Rhino for Windows
philip at September 11th, 2013 06:27 — #1
Hi guys! I'm stuck and would need help... In the attached file I'd like to create a spline between the endpoints of the curves (at the points). The radius of the spline should change smoothly from 1600 mm to 10000 mm (the radius of the curves) and be G1 (or G2) to the curves. Possible? I haven't found a solution yet... Position continuity would be ok if G1-G2 isn't possible.
michael at September 11th, 2013 07:56 — #2
I don't think it's possible (I may be wrong, though).
Reason: The curvature of the left curve (1/1600mm) is higher than the right (1/10000mm). So you want the curvature to drop from the left to the right. But you actually need to increase it, if you want the left curve to connect to the right one. Imagine you just keep the curvature of the left curve the same. Even then you wouldn't hit the right curve when making the left one longer (you would end up below the right curve). So somewhere between the curves you need to increase the curvature, something you don't want.
philip at September 11th, 2013 08:42 — #3
Hmmm, yes, I guess I have to forget the G1-G2 part... Still, creating a spline with a radius of 1600 mm at the (left) start point and 10000 mm at the endpoint seems to be difficult...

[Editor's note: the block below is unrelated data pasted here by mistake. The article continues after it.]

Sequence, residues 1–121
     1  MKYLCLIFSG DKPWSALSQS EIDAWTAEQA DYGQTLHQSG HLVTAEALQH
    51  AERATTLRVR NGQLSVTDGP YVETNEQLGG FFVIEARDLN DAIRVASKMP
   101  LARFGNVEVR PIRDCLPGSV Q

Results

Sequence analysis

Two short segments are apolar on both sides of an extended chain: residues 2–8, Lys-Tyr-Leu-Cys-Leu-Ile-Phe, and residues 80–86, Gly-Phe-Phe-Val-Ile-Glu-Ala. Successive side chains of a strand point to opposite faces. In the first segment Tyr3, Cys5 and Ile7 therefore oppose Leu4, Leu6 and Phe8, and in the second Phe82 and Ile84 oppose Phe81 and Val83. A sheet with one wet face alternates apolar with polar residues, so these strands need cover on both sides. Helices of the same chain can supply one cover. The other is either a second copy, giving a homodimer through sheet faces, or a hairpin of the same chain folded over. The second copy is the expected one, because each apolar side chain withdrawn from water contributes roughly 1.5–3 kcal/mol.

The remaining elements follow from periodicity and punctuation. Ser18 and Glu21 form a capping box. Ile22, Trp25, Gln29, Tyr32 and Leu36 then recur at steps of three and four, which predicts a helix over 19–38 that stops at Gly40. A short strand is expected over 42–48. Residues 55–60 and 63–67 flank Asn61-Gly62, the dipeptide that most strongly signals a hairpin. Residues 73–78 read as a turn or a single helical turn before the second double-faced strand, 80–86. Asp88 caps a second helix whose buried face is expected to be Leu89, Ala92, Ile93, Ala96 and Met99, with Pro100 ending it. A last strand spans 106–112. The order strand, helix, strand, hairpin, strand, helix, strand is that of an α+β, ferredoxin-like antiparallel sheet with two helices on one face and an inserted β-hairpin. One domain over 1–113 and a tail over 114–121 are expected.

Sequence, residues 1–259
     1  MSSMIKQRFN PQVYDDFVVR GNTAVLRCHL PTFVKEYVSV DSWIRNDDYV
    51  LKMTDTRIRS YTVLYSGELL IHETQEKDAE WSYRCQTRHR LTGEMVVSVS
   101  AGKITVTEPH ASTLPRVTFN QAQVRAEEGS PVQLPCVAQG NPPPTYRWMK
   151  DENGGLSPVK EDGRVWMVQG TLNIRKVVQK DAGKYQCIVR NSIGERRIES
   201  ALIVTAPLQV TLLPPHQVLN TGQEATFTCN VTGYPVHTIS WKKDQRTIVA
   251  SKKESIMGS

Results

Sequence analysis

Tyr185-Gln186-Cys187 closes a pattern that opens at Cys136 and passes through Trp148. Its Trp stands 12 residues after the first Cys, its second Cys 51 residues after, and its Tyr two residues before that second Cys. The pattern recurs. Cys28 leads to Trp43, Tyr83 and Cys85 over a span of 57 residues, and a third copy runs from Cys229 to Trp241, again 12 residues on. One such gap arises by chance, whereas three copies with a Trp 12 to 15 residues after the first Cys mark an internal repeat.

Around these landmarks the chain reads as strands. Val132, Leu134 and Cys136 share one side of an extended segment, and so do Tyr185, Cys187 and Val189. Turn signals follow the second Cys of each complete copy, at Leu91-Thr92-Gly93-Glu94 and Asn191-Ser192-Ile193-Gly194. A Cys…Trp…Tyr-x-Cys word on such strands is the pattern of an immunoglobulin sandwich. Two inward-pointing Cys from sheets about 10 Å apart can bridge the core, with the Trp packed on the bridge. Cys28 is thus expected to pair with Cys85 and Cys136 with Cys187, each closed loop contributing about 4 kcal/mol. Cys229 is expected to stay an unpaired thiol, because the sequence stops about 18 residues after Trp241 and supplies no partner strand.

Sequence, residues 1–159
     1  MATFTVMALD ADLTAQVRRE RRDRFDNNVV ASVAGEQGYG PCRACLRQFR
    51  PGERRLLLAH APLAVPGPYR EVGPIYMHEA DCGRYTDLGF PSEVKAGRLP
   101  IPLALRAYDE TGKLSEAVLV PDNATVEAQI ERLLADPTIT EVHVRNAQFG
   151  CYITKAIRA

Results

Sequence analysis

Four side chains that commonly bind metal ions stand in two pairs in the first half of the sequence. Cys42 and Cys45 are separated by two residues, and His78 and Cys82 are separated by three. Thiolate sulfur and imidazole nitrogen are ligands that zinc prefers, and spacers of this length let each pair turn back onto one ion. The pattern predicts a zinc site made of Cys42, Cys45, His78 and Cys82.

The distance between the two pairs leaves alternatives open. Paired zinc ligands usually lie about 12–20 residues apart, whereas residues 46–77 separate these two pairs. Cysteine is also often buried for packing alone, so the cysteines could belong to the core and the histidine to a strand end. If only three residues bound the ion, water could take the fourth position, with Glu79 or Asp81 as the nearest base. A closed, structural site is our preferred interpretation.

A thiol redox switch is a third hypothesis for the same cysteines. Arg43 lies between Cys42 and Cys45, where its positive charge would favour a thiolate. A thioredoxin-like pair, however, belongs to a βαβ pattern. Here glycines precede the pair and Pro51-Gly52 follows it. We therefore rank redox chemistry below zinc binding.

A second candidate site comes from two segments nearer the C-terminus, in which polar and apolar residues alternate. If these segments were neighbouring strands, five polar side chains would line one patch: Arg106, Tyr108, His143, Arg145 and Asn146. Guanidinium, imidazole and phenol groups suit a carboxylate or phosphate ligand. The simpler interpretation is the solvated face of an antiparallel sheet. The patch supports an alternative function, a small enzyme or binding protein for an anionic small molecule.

jim at September 11th, 2013 08:56 — #4
It depends what you mean by "change smoothly". If you want a curve that goes smoothly from 1600R down to about 500R and back up to 10000R just make a curve blend using curvature continuity..
If you want it to monotonically transition from 1600R to 10000R (always increasing) then you are going to have to settle for G0 continuity. In the enclosed file are a couple curves that might be close to what you want.
philip at September 11th, 2013 09:48 — #5
Hi Jim! Yes, blend was the first thing I tried - not what I need. G0 is ok.
Thanks for the file! I think the curves are close enough
djnelson75 at September 11th, 2013 11:02 — #6
I was just informed of the arc blend command on another post. Wouldn't that get you closer to what you were after.
philip at September 12th, 2013 04:46 — #7
Interesting command... I haven't used it before - nice! It doesn't seem to help with this problem, though...